LGBTQ+ Asylum Seekers in Ireland From Islam Can Fully Be Themselves

While I agree with Ohas, less popular, antisocial and introverted LGBTQ+ individuals regularly experience discrimination, the claim that LGBTQ+ Muslims cannot be themselves in Ireland is misleading. This argument forces Ireland to shoulder the burden, when in fact the burden belongs on the shoulders of the Islamic community. First, ‘Muslim’ is not a country or continent. Muslims are people who adhere to the Islamic religion. Second, I haven’t found a law on the books in Ireland that requires LGBTQ+ asylum seekers to be part of the Islamic community. Indeed, the ECtHR explicitly held that Sharīaʿ law is not compatible with the European Convention of Human Rights. The explicit ruling of the ECtHR and the fact that Muslims are people who adhere to the Islamic religion leads one to believe that LGBTQ+ asylum seekers who identify as Muslim are likely adhering to Islam.

Most LGBTQ+ persons who are persecuted in Islam would not purposely re-associate themselves with the religion in Ireland because they understand that a hard line may be drawn between sexuality and spirituality. Indeed, a gay Muslim who attended a mosque in Ireland found out the hard way when a Sheikh forbade his lifestyle. The admonishment to his gay lifestyle also resulted in the man abandoning the Irish Muslim Council when he found himself without anywhere to pray for fear of judgement. He also told the Irish Mirror he’s now questioning whether he’s welcome among Muslims at all. As can be seen, it is not Ireland that is preventing LGBTQ+ asylum seekers from fully being themselves.

No, LGBTQ+ Asylum Seekers Do Not Have to Celebrate Pride

Pride celebration is not required in order to receive a Refugee Declaration. Article 10 of the Irish Constitution states everyone has the right to freedom of expression. This right includes freedom to hold opinions and to receive and impart information and ideas without interference by public authority and regardless of frontiers. This means that public authorities in Ireland cannot require LGBTQ+ asylum seekers to celebrate Pride. Several high profile LGBTQ individuals in western countries, such as Blair White and Lewis Oakley, do not necessarily celebrate Pride month. In addition to these voices, Ally Hills uploaded a video in 2021 Reacting to Gays Who Hate Pride. If LGBTQ+ citizens do not have to celebrate Pride, then it follows that LGBTQ+ asylum seekers do not have to celebrate it just to get a Refugee Status Declaration.

Intrusive Questioning of LGB Asylum Seekers Have Changed

While there have been cases where gay asylum seekers have been asked intrusive questions in visa interviews, most International Protection officers generally avoid intrusive questions. Intrusive tests, the submission of intimate evidence, and questioning about sexual practices are explicitly prohibited as they infringe on a person’s rights under the EU Charter. We know this if we look at C-473/16 F v. Bevándorlási és Állampolgársági Hivatal, where the CJEU clarified which evidence is permitted in assessing asylum claims based on sexual orientation. The CJEU’s judgment in A.B.C. v. Staatssecretaris van Veiligheid en Justitie also delineates what cannot be asked, as well as what the decision maker is not able to receive as evidence in sexual orientation cases. As noted above, both cases demonstrate the changes being made in the International Protection process as it relates to intrusive questions.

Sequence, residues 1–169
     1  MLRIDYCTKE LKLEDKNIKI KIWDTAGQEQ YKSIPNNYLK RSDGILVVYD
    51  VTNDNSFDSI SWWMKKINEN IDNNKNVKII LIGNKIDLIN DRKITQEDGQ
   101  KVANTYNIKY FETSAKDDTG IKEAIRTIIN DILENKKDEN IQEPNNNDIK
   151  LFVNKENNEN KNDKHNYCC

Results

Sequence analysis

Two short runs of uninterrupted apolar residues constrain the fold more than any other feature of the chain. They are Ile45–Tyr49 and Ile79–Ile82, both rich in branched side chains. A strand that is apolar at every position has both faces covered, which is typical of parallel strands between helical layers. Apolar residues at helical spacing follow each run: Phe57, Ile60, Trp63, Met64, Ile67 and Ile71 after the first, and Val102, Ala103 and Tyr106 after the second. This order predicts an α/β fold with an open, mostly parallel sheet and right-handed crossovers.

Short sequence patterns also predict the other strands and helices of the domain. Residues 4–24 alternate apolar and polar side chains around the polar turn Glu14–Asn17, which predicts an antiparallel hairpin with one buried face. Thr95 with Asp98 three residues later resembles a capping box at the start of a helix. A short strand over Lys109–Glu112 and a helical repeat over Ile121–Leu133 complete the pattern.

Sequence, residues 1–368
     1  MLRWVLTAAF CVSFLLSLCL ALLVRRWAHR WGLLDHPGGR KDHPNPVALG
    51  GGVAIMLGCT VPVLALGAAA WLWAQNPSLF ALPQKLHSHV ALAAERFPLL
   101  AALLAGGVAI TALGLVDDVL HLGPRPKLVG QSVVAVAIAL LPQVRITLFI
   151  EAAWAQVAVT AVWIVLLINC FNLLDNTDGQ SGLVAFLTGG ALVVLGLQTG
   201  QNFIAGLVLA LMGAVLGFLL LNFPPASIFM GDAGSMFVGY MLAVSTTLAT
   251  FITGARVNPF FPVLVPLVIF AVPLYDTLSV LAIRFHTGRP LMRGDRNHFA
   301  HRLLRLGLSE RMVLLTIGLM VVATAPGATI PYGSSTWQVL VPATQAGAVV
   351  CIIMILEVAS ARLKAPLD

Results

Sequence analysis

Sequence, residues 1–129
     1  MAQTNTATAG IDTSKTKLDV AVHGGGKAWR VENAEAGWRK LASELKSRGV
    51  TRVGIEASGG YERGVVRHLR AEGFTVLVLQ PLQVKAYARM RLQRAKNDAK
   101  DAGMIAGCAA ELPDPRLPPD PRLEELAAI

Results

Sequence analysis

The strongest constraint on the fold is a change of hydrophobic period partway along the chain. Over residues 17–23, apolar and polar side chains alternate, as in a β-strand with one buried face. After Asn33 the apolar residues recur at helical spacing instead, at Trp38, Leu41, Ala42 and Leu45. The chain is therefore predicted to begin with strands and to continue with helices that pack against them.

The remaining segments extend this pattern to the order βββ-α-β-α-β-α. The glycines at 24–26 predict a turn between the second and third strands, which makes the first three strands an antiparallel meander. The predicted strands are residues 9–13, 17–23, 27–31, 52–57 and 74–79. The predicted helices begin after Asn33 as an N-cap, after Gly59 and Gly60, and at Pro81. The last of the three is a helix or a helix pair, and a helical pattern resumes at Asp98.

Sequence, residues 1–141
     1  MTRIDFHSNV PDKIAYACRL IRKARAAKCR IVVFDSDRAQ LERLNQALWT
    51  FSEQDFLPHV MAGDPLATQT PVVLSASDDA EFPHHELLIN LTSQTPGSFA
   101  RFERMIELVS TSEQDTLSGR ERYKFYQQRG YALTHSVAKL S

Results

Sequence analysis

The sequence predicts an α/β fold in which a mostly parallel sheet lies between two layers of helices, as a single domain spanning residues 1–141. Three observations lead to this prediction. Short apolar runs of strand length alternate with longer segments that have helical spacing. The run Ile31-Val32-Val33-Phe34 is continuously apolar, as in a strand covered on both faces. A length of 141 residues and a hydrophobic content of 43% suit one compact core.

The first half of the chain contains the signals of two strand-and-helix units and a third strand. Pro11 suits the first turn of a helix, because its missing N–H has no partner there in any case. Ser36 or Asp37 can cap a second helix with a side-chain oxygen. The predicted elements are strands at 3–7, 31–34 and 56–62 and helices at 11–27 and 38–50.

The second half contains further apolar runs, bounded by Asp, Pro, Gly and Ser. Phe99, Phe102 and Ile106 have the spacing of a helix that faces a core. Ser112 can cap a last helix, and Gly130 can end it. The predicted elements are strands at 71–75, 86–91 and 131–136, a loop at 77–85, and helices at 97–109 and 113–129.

No, There is No ‘Imaging’ of LGBTQ+ Persons in Western Countries

Ohas argues that “the use of stereotypical western imaging of LGBTQ+ sex, expressions of identity through rainbow-coded fashion styles is the framework within which ‘truth’ is legitimised and validated.” However, this could not be further from the truth. The rainbow flag is a symbol of lesbian, gay, bisexual, and transgender (LGBT) pride and LGBT social movements. The colors reflect the diversity of the LGBT community and the spectrum of human sexuality and gender. In other words, there are many shades of gray as it relates to human sexuality and gender. If there are many shades of gray in western society when it comes to gender and sexuality, then we cannot possibly accept the argument that there is a western imaging conspiracy being used to deny LGBTQ+ applicants.

It is Widely Understood that Asylum Seekers Miss Their Families

It is widely understood that asylum seekers miss their families. Candi McDow states “When you miss someone it means you really care about the person and you value them.” You wouldn’t be human if you didn’t miss your loved ones or certain aspects of your nation. For example, I miss Cream of Wheat and cannot find it anywhere in Ireland. I don’t think anyone would say, “Oh, you miss Cream of Wheat? Then you must not be persecuted!” Or, “You miss your family? People who miss their family are not persecuted!” People understand persecution in different ways. I think the best way to educate someone on persecution, without revealing intimate details about oneself, is to talk about it.